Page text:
At the press preview for the VR experience Spheres, executive produced by Darren Aronofsky and Ari Handel, produced by Jess Engel, Arnaud Colinart, and Dylan Golden with a score by Kyle Dixon and Michael Stein, the writer/director Eliza McNitt shared with me why she chose The Duffer Brothers Stranger Things' Millie Bobby Brown, Ridley Scott's Martian and Christopher Nolan's Interstellar star Jessica Chastain and Patti Smith.
Eliza McNitt with Anne-Katrin Titze: "I've always grown up with the voices of incredible pioneers like Carl Sagan and Stephen Hawking who taught me about science." Photo: Anne-Katrin Titze
We spoke about how her Fistful of Stars lead to a Protozoa Pictures meeting, Aronofsky's Mother! (Jennifer Lawrence and Javier Bardem), Craig Henighan's (Black Swan, Noah, Alfonso Cuarón's ROMA) sound design, and the creation of the three chapters of Spheres, that is currently showing in a custom-designed screening room at Rockefeller Center off Fifth Avenue on West 48th Street.
Spheres won the Grand Jury Prize for Best Virtual Reality Immersive Story at the 2018 Venice Film Festival.
Chapter I: Chorus Of The Cosmos, narrated by Millie Bobby Brown had its world première in Venice with the complete series.
Chapter II: Songs Of Spacetime, narrated by Jessica Chastain was the initial chapter of Spheres and was first viewed by the public at last year's Sundance Film Festival.
Chapter III: Pale Blue Dot, narrated by Patti Smith, premièred at the 17th edition of the Tribeca Film Festival.
Touch the stars, tumble into a black hole, and sway to the music of the universe at Eliza McNitt's stellar VR installation, which will take you out of the snowy, chilly, early-months-of-the-year New York present (it runs through March 3) and deposit you heavenwards. For 45 minutes total, the dimensions of time and place hang suspended, as you grapple around the planets and make them sing to you.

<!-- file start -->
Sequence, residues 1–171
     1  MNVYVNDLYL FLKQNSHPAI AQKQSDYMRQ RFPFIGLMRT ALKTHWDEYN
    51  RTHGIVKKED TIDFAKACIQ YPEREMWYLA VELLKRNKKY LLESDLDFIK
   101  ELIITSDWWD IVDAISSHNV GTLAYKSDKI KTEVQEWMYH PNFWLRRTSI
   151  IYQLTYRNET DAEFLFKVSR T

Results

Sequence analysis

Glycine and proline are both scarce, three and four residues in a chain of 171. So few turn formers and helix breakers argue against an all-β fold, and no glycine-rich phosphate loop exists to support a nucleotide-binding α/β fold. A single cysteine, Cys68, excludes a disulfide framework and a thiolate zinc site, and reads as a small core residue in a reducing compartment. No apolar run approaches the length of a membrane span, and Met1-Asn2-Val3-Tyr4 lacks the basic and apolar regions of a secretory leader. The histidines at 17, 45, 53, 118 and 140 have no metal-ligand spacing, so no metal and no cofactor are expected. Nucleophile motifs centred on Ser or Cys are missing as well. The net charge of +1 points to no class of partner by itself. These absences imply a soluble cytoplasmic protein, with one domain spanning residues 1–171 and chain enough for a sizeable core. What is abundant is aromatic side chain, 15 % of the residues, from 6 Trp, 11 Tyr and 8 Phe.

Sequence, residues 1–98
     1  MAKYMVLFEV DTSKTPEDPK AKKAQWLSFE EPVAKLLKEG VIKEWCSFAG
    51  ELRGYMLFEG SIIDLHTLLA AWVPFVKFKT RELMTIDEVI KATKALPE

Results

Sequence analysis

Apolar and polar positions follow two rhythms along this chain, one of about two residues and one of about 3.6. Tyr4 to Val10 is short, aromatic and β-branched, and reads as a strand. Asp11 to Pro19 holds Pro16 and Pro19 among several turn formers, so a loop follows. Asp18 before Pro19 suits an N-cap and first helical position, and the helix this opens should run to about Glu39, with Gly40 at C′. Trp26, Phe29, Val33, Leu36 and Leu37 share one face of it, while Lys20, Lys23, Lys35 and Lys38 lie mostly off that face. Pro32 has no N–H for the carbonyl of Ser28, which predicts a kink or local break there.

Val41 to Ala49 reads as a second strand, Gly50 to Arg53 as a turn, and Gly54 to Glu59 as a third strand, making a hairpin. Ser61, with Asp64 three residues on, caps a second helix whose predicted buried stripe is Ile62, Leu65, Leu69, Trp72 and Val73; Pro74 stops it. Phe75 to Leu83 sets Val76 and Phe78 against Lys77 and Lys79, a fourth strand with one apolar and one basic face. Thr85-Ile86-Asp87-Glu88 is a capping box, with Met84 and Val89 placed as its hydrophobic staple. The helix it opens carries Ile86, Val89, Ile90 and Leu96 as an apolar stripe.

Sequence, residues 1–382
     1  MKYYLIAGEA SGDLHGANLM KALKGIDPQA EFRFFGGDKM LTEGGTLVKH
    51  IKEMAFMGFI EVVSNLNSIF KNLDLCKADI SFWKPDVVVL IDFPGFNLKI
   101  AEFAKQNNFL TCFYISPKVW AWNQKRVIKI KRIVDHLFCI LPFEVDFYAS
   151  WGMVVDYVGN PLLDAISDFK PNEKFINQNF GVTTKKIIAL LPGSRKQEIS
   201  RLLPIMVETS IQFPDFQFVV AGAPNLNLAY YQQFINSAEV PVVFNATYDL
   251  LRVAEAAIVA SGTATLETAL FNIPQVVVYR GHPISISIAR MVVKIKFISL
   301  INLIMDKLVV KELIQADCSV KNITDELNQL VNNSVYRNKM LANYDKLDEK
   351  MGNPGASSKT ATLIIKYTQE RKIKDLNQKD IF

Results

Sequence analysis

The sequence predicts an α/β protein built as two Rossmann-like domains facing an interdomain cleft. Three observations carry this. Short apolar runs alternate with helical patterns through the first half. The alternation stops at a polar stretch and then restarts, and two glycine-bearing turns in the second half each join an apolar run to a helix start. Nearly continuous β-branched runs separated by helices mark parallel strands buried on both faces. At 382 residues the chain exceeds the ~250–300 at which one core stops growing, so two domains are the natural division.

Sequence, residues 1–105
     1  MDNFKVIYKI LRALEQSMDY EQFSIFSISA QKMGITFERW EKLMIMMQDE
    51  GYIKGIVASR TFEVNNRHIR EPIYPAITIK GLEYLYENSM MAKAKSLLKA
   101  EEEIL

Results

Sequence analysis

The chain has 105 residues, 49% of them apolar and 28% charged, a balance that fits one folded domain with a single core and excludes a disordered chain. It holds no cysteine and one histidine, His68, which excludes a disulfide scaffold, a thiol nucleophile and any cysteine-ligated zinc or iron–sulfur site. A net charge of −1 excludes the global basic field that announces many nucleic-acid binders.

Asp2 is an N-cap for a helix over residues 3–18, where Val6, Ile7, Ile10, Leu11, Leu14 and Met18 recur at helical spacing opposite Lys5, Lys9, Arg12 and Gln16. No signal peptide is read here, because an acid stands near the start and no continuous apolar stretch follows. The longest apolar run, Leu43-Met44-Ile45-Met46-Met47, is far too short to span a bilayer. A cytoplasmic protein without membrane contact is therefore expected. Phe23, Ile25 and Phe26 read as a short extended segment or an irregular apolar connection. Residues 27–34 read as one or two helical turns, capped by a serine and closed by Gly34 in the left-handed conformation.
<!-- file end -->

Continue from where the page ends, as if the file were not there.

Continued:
Spheres - A VR Journey Through the Cosmos Photo: Anne-Katrin Titze
The final chapter is by far the most urgent and comes with a warning. After the previous episodes' flights of fancy, we end up with our own planet - little, lovable Earth - as it goes through a transformation. All the oceans disappear and the surface turns into a terra-cotta-tinted crust. We witness the end of life as we know it from outside. Are we onlooker or creator? When in doubt, there's always Patti Smith to consult about power and about people.
Eliza expressed her childhood admiration for Carl Sagan and Stephen Hawking and that she is "deeply inspired by science and translating stories about science into storytelling."
Anne-Katrin Titze: You chose three female voices to narrate Spheres. Was that clear from the start for you?
Eliza McNitt: Yeah, I've always grown up with the voices of incredible pioneers like Carl Sagan and Stephen Hawking who taught me about science. And as a young woman who loved the sciences, I really wanted to create an experience that represented three different generations of women who spoke about science and the universe.
AKT: The ages represent that we are growing up with them? This is the order to experience the three parts?
EM: Exactly, yeah.
AKT: How did you get them interested? Are they all interested in science?
EM: Yeah, Jessica Chastain is very interested in science and the cosmos and from the beginning of this project I wanted her to be involved.
AKT: So the middle one came first?
Lee Lawrie's Atlas at Rockefeller Center holding the heavens Photo: Anne-Katrin Titze
EM: Yes. Everything was made out of order. The order was: Chapter II, Chapter III, and then Chapter I. It was like Star Wars.